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European Parliament: yes to the Media Freedom Act, the law that protects the media from political interference

15-03-2024 13:46


Europolitiche, Macro/Scenari,

European Parliament: yes to the Media Freedom Act, the law that protects the media from political interference

The measure will oblige EU states to protect the independence of the media and will prohibit interference in editorial decisions

With 464 votes in favour, 92 against and 65 abstentions, the European Parliament approved the Media Freedom Act on 13 March, the European law which will oblige the states of the European Union to protect the independence of journalists and the media and will prohibit any form of interference in editorial decisions.

The press release states:

" Protect the work of journalists

Authorities will be prohibited from using arrests, sanctions, searches, intrusive surveillance software installed on electronic devices and other coercive methods to pressure journalists and editorial managers into revealing their sources.

During negotiations with the Council, Parliament introduced strong limitations on the use of spy software, which will only be permitted on a case-by-case basis and subject to authorization from a judicial authority in the context of investigations into serious crimes punishable by prison sentences. Even in these circumstances, however, affected individuals will need to be informed after the surveillance has been carried out and will then be able to challenge it in court.

Editorial independence of public media

To prevent public media outlets from being exploited for political purposes, their managers and board members should be selected for a sufficiently long term on the basis of transparent and non-discriminatory procedures. Dismissal before the expiry of the contract will be permitted only if the professional requirements are no longer met.

Funding for public media will need to be sustainable and predictable and follow transparent and objective procedures.

Transparency of ownership

To allow the public to know who controls individual media and what interests may lie behind ownership, all newspapers, from the largest to the smallest, will be required to publish information on their owners in a national database and to indicate whether they are directly or indirectly owned by the state.

Fair distribution of state advertising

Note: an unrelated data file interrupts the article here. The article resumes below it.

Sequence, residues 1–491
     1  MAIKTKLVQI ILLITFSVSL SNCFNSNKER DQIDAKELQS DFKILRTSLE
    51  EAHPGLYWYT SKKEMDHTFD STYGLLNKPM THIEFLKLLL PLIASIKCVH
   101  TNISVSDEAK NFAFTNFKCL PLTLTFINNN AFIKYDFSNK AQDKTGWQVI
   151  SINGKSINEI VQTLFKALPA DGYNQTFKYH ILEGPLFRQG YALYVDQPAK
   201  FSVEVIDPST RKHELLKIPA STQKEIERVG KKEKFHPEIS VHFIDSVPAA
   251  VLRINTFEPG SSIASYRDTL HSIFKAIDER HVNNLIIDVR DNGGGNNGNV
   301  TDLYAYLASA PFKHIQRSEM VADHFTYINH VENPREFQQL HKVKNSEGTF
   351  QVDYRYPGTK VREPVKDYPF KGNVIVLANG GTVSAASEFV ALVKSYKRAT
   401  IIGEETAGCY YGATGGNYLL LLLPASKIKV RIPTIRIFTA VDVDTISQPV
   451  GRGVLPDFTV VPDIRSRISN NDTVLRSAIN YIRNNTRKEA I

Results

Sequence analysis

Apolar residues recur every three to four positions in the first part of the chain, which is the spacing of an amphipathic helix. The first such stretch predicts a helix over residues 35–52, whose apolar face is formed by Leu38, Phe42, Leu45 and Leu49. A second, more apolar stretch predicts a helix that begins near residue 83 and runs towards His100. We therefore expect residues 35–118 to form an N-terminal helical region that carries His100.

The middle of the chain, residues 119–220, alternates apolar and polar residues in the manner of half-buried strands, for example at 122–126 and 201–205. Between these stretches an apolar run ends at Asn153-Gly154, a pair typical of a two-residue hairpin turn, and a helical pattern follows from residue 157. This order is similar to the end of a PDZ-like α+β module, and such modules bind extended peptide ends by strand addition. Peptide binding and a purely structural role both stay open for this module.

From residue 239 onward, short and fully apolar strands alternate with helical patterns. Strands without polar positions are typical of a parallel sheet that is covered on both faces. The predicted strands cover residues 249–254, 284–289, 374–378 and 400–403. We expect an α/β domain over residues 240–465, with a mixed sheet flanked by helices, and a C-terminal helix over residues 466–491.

The media will also have to report on the funds they receive from state advertising and state financial support, even if these come from third countries.

The criteria for allocating these funds to media or online platforms must be public, proportionate and non-discriminatory. Finally, information on state advertising expenditures must also be published, including the total annual amount and the amount per newspaper.

Protect media freedom from big platforms

MEPs have introduced a mechanism that aims to prevent very large online platforms, such as Facebook, X or Instagram, from arbitrarily restricting or removing independent media content. After distinguishing independent media from non-independent sources, platforms that intend to adopt measures of this type will have to inform interested parties, giving them 24 hours to respond. Only once this period of time has passed will the platforms be able to decide to limit or remove content that does not comply with their conditions.

Media will be able to appeal to an out-of-court dispute resolution body and seek advice from the European Media Services Board, a committee of national regulators under the new law.


Rapporteur Sabrine Verheven (EPP, DE) said during the debate: The importance of media plurality for a functioning democracy cannot be stressed enough. Press freedom is under threat all over the world, including in Europe: the murder in Malta, the threats to press freedom in Hungary and many other examples clearly demonstrate this. The European Media Freedom Act is our response to this threat and a cornerstone of European legislation. It enhances and protects the dual role of the media as businesses and as guardians of democracy."


By adopting this legislation, Parliament is responding to citizens' expectations of the EU, expressed in the conclusions of the Conference on the Future of Europe: introducing legislation that addresses threats to media independence and implements EU standards on competition in the media sector, in order to prevent large media monopolies, as well as to ensure media pluralism and independence from undue political, corporate and/or foreign interference (proposals 27(1), (2)); counter disinformation through legislation and guidelines for online platforms and social media companies (33(5)); and defend and support free, pluralistic and independent media and ensure the protection of journalists (37(4))."

staff @europolitiche  

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Cross-media in Italian on the policies of European institutions and governments of European Union countries



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